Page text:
RTL Today – Financial crisis: Lebanese line up to buy bread

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In bankrupt Lebanon, Khalil Mansour has to queue for hours every day just to buy bread for his family and some days he can’t afford it.

In a country that once boasted the nickname “Switzerland of the Middle East” for its thriving banking sector before the financial crisis hit in 2019, the chronic shortage of the staple of the Lebanese diet has been difficult to overcome. support.

Lebanon defaulted on its national debt in 2020 and its currency lost around 90% of its value on the black market.

The World Bank has called the financial crisis one of the worst since the 19th century, while the United Nations now considers that four out of five Lebanese live below the poverty line.

Faced with demands from international creditors for painful reforms in return for the release of new aid, the embattled government has been forced to end subsidies on most essential goods – but not yet on wheat.

The price of subsidized bread rose, although less than if there was no subsidy, but bakeries began to ration the staple.

A bag of Arabic pitta-style flatbread now officially sells for 13,000 Lebanese pounds (43 US cents). On the black market, it costs over 30,000.

“Last week I went without bread for three days because I can’t afford 30,000 for it,” said Mansour, 48.

For Mansour and most Lebanese, buying bread means standing for hours in long queues outside bakeries and sometimes, when their turn comes, the bakeries run out of bread.

“Today I stood in line for three hours, yesterday two and a half hours. What next?” Mansour said Friday outside a Beirut bakery.

“I have to feed my family. What else can I do?” asks Mansour, who earns the equivalent of $50 a month working in a pastry shop.

– “Far west” –

Most bakeries limit the sale of bread to one or two bags per customer, and each bag contains six flatbreads.

Subsidized bread is often purchased in large quantities and resold on the black market by unscrupulous dealers.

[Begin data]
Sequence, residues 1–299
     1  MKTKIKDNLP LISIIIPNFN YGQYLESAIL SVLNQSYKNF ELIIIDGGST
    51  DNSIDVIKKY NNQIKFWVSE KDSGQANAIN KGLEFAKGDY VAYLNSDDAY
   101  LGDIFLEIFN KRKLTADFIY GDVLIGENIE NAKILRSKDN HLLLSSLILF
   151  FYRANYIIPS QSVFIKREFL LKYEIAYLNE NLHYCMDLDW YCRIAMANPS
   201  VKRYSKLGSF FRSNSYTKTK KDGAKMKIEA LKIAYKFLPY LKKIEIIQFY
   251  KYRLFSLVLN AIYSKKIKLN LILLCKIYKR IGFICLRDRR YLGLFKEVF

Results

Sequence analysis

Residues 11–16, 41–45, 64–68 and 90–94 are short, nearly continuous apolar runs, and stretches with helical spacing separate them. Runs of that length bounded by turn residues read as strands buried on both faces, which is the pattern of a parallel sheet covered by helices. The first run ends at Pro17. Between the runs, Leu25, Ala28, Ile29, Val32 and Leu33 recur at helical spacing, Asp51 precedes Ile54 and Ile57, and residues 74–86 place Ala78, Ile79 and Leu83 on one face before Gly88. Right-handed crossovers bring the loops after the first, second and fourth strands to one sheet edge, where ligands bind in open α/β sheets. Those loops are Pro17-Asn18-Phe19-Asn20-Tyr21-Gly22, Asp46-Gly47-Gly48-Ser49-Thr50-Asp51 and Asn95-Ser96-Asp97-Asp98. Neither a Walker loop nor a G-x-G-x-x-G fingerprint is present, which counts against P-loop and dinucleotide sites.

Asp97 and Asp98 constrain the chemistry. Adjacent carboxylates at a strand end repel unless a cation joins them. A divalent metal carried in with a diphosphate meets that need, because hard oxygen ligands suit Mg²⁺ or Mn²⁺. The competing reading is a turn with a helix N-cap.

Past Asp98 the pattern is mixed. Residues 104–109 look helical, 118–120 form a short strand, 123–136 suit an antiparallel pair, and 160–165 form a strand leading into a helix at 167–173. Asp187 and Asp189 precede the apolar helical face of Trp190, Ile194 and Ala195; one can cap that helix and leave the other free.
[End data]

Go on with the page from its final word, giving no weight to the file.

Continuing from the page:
“Queues have gotten worse over the past two weeks,” said bakery owner Mohammed Mehdi. “We are facing huge shortages.”

The 49-year-old said the baking industry has become like the “Wild West”. “Some customers arrive armed with guns and knives,” he complained.

Lebanese media frequently report fights at bakeries, and even shots fired by customers demanding more bread.

In Taalbaya, eastern Lebanon, a customer burst into a bakery on Tuesday, furious that he could no longer buy bread, according to a report.

The customer jostled an employee and then ransacked the bakery, forcing the army to intervene, he added.

“What’s happening is an insult…and it’s even more difficult than the gasoline shortage” that gripped Lebanon last year, Mehdi said.

– ‘Incentive’ –

Lebanon imports 80% of its wheat from war-torn Ukraine, according to industry figures.

But the country’s ability to store wheat was hit hard when a deadly explosion at the port of Beirut in August 2020 severely damaged the country’s main grain silos.

The government and bakeries shared responsibility for the bread shortage.

Bakeries accuse cash-strapped authorities of not providing enough subsidized flour.

The Economy Ministry denies the allegation and has accused the bakeries of hoarding subsidized flour for use in unsubsidized products such as sweets.

Authorities also say the presence in Lebanon of more than a million refugees from war-torn Syria is partly responsible for Lebanon’s economic collapse.

Some Lebanese have even gone so far as to accuse Syrian refugees of buying subsidized bread to sell on the black market, fueling resentment against the refugees and forcing them to return home.

It has been reported that some bakeries impose separate queues for Lebanese and Syrians.

This prompted the UN refugee agency to express concern.

“Lebanon is witnessing an upsurge in tensions and incitement between different communities, leading to localized violence in the streets, including against refugees,” the UNHCR warned on Friday.

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